D'vrei Torah by Rabbi Ellie Shemtov
12-Step Torah Vayeishev 5780
Humility is not thinking less of yourself it’s thinking of yourself less
12-Step Torah -- Vayetzei 5780
I spent a lifetime in hell and it only took me twelve steps to get to heaven.
The 12-Steps were originally developed as an aid to overcoming an addiction to alcohol. The program’s success however, influenced the formation of additional groups supporting those in recovery from other addictive disorders. The language of the steps emphasizes the presence of God – often explained as the God of our understanding or a Higher Power. These diverse perceptions of God allow for a wide range of interpretations and religious beliefs.
In this week’s Torah portion, Vayetzei Jacob, fleeing from his brother Esau, arrives “ba-makom.” Often translated as place, makom is also another name for God. But before we have a chance to wonder about the relevance of this name, the text informs us that it is night. Resting his head on a stone Jacob goes to sleep. In this peaceful makom he dreams of angels going up and down a ladder extending from the earth all the way up to heaven. In the dream God informs Jacob that he and his descendants will be given the ground on which he is lying. God then promises to always protect and to always be with Jacob. When he wakes up Jacob proclaims אָכֵן יֵשׁ יְהֹוָה בַּמָּקוֹם הַזֶּה וְאָֽנֹכִי לֹא יָדָֽעְתִּי, “Surely God is present in this place and I did not know it.”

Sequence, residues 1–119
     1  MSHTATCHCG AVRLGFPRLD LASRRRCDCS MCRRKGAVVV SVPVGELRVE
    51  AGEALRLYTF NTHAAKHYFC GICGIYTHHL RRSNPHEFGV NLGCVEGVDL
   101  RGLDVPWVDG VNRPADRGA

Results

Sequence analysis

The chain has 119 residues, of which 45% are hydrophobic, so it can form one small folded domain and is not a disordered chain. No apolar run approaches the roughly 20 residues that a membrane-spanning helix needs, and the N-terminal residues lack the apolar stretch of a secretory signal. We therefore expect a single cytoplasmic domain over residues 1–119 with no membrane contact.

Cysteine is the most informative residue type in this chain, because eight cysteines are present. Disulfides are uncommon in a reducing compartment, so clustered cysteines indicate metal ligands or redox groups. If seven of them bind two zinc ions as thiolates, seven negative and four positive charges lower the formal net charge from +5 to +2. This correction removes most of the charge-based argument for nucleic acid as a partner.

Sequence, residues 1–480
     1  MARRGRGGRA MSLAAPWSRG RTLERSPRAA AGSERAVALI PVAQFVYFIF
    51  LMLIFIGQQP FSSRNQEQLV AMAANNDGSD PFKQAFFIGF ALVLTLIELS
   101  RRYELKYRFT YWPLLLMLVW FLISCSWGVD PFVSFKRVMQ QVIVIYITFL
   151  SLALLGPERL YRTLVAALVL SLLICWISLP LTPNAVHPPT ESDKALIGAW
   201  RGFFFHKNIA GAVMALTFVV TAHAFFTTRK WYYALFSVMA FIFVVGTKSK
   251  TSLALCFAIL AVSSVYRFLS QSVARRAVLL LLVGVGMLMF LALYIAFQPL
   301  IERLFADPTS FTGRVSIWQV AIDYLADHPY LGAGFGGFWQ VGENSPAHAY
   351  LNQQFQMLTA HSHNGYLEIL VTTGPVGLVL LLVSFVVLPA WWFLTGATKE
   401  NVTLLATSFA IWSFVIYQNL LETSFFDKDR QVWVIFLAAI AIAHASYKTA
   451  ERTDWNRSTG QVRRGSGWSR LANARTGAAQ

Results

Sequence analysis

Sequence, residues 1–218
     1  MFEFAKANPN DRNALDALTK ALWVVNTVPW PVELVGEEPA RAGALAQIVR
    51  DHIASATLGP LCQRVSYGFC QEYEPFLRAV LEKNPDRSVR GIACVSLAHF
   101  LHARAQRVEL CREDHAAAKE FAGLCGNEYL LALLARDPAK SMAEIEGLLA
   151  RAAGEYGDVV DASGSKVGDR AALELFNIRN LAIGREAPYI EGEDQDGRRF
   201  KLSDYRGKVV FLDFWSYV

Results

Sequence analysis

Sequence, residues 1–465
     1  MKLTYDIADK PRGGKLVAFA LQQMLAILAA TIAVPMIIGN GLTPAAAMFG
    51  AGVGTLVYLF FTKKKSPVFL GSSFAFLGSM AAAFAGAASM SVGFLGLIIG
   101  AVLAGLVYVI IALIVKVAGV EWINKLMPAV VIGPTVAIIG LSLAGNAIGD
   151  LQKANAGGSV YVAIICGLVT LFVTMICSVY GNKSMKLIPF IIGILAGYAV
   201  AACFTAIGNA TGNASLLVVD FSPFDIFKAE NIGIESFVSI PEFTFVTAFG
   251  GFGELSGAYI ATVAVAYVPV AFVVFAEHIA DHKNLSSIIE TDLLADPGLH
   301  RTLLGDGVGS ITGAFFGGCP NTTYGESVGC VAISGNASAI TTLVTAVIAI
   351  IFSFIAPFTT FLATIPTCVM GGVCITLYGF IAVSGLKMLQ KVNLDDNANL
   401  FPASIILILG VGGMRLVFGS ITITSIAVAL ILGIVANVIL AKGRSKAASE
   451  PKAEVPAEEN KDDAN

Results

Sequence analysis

Rabbi Avraham Zalmans notes how a person’s qualities resemble a ladder. Just as a ladder needs steps and a high place on which to lean, so too people require the help of steps and a high makom, a God of our understanding on which to lean. The steps function as a barrier to prevent one from sin. In addition, the vision of the angels ascending and descending the ladder demonstrates that the path towards God is not a straight line. Descending – or falling -- is normal.
As perhaps the Torah’s first “12-Stepper,” Jacob makes a decision to turn his will over to the God of his understanding. Jacob the grifter declares his yearning for a high place against which to lean. After a lifetime living in a hell of his own making, it only took Jacob 12 steps to get to heaven.